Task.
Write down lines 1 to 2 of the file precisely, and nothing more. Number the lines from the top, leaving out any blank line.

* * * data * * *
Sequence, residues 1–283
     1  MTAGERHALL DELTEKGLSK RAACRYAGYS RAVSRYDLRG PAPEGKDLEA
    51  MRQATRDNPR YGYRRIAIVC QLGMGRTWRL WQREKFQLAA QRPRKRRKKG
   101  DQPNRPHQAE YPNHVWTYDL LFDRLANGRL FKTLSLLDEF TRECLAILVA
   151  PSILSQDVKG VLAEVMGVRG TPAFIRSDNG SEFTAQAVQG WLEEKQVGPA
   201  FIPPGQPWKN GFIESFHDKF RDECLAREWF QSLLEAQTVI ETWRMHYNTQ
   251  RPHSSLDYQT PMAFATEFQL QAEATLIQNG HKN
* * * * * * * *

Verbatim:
Sequence, residues 1–283
     1  MTAGERHALL DELTEKGLSK RAACRYAGYS RAVSRYDLRG PAPEGKDLEA